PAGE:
When 83-year-old Melida Butler’s memory began to fail and rheumatoid arthritis made simple tasks painful, her son Marcus Waller, a USPS mail handler, put his personal life on hold to become her primary caregiver.
“I’m playing this all by ear,” Waller told The Wall Street Journal last week.
According to the National Alliance for Caregiving, Waller is part of a growing trend.
Daughters traditionally assume the role of caregiver, but the alliance estimates 17 percent of all caregivers — or 7.4 million people — are sons.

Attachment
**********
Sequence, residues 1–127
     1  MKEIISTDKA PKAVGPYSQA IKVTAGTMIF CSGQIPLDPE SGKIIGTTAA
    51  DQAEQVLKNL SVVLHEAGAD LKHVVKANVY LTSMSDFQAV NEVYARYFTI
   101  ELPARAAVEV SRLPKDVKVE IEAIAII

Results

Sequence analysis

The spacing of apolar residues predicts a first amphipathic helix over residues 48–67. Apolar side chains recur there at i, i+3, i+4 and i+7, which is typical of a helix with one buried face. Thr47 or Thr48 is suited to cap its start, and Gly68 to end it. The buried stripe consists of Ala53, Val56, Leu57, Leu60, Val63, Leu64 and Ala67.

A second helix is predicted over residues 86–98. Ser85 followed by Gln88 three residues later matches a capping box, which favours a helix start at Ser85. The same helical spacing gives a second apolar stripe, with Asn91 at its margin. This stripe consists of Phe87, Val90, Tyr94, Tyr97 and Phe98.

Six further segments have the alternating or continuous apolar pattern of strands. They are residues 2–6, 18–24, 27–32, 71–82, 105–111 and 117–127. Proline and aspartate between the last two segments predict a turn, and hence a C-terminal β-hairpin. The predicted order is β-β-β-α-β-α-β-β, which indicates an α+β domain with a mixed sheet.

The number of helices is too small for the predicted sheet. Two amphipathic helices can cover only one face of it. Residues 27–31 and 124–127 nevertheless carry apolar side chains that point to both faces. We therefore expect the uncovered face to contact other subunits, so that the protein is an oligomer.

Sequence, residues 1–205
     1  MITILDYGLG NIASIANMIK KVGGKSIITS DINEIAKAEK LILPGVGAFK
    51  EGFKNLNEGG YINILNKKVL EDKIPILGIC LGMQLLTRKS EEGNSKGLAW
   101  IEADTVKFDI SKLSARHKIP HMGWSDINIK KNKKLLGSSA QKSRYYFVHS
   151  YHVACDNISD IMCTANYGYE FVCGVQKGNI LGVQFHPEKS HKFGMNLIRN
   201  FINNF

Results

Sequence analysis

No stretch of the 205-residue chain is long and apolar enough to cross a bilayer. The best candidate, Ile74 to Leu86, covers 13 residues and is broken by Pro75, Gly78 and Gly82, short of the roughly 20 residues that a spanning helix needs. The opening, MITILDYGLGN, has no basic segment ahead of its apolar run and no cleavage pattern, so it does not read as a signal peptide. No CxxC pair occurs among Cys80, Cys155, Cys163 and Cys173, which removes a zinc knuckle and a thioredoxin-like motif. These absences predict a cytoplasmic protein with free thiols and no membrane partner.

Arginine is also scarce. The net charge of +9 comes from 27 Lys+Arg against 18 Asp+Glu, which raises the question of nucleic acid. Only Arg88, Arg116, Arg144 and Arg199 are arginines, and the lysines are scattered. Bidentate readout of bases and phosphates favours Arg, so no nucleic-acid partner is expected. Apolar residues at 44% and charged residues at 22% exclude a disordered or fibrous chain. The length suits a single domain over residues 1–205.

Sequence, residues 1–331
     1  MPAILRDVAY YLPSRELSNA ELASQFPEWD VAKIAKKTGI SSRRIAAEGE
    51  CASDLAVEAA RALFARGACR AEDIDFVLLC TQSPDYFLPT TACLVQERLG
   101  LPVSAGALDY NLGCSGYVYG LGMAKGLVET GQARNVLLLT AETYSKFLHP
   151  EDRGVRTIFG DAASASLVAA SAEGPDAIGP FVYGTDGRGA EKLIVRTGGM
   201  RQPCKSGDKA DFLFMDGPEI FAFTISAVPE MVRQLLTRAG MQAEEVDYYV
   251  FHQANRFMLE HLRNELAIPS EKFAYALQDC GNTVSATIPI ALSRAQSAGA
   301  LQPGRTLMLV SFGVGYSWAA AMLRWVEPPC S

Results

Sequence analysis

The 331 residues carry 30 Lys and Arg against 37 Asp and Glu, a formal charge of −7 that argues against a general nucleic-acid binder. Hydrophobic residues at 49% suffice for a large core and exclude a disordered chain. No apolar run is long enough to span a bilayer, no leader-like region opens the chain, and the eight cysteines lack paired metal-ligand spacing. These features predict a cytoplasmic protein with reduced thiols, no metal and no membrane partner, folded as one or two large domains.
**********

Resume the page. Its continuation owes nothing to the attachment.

Men ages 18-34 are already as likely to be a caregiver as women in that age group, according to AARP.
Each day, Waller prepares his mother’s meals, bathes her and gets her ready for bed at their Chicago home. He arranges her doctor’s appointments and takes off work when emergencies arise.
The situation is stressful, but Waller thinks of friends who have lost their parents. “As hard as it is, it’s rewarding to know she is still here and I can still take care of her,” he said.
Waller’s older brother calls him a hero, but Waller doesn’t see it that way.
“You do what you have to do,” he said.